Conventional single stage inflation controllers initiate a deployment algorithm when the filtered acceleration signal reaches a threshold. The algorithm processes the acceleration signal to determine whether to deploy and calculates the velocity VD of a vehicle occupant relative to the vehicle at deployment and the time TD of deployment measured from the threshold crossing. These two parameters are well known in the art and are generally available in conventional SIR systems of various manufacturers. These parameters will be used in a subsequent stage to determine crash severity and then whether to deploy another stage and when to do it.
As indicated in FIGS. 2 and 3, the parameters TD and VD are generally small values for very severe crashes. They are small since a more severe crash should result in earlier deployment, and the short period gives less time for the accumulation of velocity. Thus these parameters are suitable candidates for crash severity indicators. Thus they can be used to determine the interval TINT between the first and second inflators (and between each stage and the next one). It is reasonable to choose a short time interval for more severe crashes and a longer interval for less severe crashes as shown in FIG. 4. It has been found that for the most severe cases the time interval TINT should be zero so that the second inflation is triggered immediately. On the other hand, when the crash is not severe the second (or subsequent) inflation should not occur at all. For the intermediate case of moderate crash severity, the time interval should be varied as a function of severity.
FIG. 5 shows the example of TINT for the three regions of crash severity. A deployment time threshold TA defining a crash severity limit is empirically determined and marks the boundary of very severe and moderately severe crashes; a time TB is determined as the boundary of moderate and not severe crashes. It has been found to be desirable to deploy the second inflator immediately after the first when TD is less than time threshold TA so that TINT is set to zero. For deployment times between TA and TB, however, the time interval TINT increases with TD. A linear or proportional function is chosen for simplicity although another increasing function may be used. Thus the time interval increases from 0 at TA to an empirical limit TLIM.sbsb.--T at TB which sets the maximum allow delay between the first and second deployment times. For deployment times greater than TB, the crash is not severe and there is no deployment of the second inflator. A similar function is shown in FIG. 6 for the time interval TINT as a function of velocity VD. Boundary points VA and VB are empirically chosen to define the three severity regions and a time limit TLIM.sbsb.--V is determined.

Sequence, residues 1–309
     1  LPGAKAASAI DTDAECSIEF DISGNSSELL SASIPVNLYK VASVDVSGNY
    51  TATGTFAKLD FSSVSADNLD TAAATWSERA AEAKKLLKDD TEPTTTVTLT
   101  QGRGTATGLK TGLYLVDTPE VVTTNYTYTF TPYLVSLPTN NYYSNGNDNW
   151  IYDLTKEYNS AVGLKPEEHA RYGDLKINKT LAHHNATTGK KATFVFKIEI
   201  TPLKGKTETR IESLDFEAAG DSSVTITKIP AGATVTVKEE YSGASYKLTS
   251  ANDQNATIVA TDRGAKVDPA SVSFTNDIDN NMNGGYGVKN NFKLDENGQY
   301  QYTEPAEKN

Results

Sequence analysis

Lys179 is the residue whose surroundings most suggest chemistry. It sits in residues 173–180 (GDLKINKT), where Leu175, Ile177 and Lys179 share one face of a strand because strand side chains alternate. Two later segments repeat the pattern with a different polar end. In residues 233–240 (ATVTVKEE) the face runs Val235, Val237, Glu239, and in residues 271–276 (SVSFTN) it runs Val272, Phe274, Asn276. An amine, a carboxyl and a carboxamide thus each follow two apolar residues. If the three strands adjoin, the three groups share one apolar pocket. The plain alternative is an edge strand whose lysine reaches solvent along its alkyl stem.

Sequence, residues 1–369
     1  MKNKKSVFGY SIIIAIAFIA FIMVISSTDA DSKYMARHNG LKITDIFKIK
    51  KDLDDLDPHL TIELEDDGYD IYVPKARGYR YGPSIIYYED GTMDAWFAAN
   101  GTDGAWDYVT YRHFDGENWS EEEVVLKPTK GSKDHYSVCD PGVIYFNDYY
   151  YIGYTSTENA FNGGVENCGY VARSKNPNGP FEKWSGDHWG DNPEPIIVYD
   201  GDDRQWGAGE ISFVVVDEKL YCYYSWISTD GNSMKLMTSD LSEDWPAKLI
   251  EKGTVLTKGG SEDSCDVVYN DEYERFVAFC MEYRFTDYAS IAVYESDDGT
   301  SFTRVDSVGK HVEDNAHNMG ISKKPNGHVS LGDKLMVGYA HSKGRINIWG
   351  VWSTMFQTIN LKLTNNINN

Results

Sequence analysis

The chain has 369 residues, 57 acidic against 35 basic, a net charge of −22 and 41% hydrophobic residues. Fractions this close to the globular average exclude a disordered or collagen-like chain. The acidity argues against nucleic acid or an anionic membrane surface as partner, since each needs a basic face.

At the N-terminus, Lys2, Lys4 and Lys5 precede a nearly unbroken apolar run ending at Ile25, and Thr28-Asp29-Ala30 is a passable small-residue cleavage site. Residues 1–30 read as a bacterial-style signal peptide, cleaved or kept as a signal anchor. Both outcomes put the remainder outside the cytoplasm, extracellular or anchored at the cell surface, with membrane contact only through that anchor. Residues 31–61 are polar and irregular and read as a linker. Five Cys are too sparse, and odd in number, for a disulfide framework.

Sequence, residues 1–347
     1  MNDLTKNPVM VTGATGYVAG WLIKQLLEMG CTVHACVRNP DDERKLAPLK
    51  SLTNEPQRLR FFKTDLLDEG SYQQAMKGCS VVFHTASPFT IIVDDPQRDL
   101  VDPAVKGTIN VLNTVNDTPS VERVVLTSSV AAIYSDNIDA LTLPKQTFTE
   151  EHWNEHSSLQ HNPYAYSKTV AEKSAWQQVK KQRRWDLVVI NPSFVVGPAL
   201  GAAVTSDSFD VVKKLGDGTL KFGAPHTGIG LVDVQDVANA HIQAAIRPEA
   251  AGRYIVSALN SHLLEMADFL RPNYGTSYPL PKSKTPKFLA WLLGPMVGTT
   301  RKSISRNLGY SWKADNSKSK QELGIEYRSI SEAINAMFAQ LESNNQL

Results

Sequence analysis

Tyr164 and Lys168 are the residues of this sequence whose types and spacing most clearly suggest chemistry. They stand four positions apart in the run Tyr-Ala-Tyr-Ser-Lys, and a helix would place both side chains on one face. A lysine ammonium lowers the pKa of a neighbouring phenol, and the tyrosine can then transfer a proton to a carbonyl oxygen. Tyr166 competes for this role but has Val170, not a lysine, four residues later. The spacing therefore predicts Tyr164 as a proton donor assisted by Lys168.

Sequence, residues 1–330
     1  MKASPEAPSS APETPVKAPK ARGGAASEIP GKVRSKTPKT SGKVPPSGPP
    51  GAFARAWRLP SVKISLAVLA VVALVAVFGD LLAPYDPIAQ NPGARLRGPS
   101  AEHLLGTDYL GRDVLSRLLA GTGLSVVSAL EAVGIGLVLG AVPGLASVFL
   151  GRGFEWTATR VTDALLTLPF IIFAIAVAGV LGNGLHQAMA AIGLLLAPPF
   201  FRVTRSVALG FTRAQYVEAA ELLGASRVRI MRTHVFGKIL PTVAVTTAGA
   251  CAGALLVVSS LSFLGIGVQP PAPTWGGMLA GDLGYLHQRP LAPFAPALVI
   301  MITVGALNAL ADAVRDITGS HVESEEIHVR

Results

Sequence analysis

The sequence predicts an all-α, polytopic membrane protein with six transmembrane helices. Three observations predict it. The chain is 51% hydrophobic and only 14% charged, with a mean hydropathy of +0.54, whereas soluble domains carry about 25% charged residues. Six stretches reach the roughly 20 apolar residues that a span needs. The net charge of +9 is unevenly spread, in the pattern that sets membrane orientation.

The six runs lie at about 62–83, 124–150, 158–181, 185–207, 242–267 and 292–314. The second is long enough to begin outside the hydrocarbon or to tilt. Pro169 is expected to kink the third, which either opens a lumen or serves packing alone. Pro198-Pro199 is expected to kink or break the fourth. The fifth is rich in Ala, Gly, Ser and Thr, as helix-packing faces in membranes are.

The algorithm for determining the time interval between the first and second inflator deployments is shown in the flow chart of FIG. 7 wherein the functional description of each block in the chart is accompanied by a number in angle brackets <nn> which corresponds to the reference number of the block. The micro-controller is programmed to process the software loop periodically, say at a rate of 1600 to 2000 Hz, to repeatedly sample the acceleration signal produced by the sensor <30>. If it is determined that the acceleration exceeds a threshold <32> a deployment algorithm is entered to determine if first stage deployment is justified <34>. At the same time, the parameters TD and VD are produced if a decision is made to deploy the airbag. Thus far the methodology is exactly the same as conventional algorithms for single stage systems. Then if the first stage is commanded to be deployed, the parameters TD and VD are used to determine when, if ever, to trigger the second stage inflator. If the deployment time is greater than the value TB or if the velocity at that time is greater than VB <38>, the crash is not severe and the second stage inflation is withheld <40>. As a result, the airbag is softer than if it were fully inflated but is adequate for the less severe crash. If the step 38 conditions are not met, it is next determined if the deployment time is less than the threshold value TA <42> and if so the time interval is set to zero for immediate inflation <44> because the crash is very severe and the airbag is fully inflated, just as it is in a single stage system. If the step 42 condition is not true, it is next determined whether the deployment time is between TA and TB AND the velocity is less than VA <46>. If so, the time interval is calculated to be proportional to the difference between the value TA and the parameter TD, or TINT =TLIM.sbsb.--T *(TD -TA)/(TB -TA) <48>. If the condition of step 46 is not met, then it is determined if the deployment time is between TA and TB AND the velocity is between VA and VB <50>. If so, the time interval is selected to the smaller of the values TLIM.sbsb.--T *(TD -TA)/(TB -TA) and TLIM.sbsb.--V *(VD -VA)/(VB -VA) <52 >.
By including a conventional SIR algorithm as the initial part of the multi-stage control algorithm the ability to discriminate a crash in a timely manner with immunity to rough road and other abuse events is preserved. In addition, parameters developed within the initial crash sensing algorithm are employed in determining deployment of a subsequent stage, thereby economizing on the processing burden. It will thus be seen that the control for two or more additional stages is effected simply without additional SIR hardware and only minimal software. The effect of the algorithm is to maintain the rapid full inflation of an air bag for severe crashes but to provide a softer or more slowly inflating airbag for less severe conditions.
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|U.S. Classification||701/45, 280/732, 701/46, 280/731|
|International Classification||B60R21/16, G01P15/00, B60R21/01|
|European Classification||B60R21/015, B60R21/013|
|Aug 5, 1996||AS||Assignment|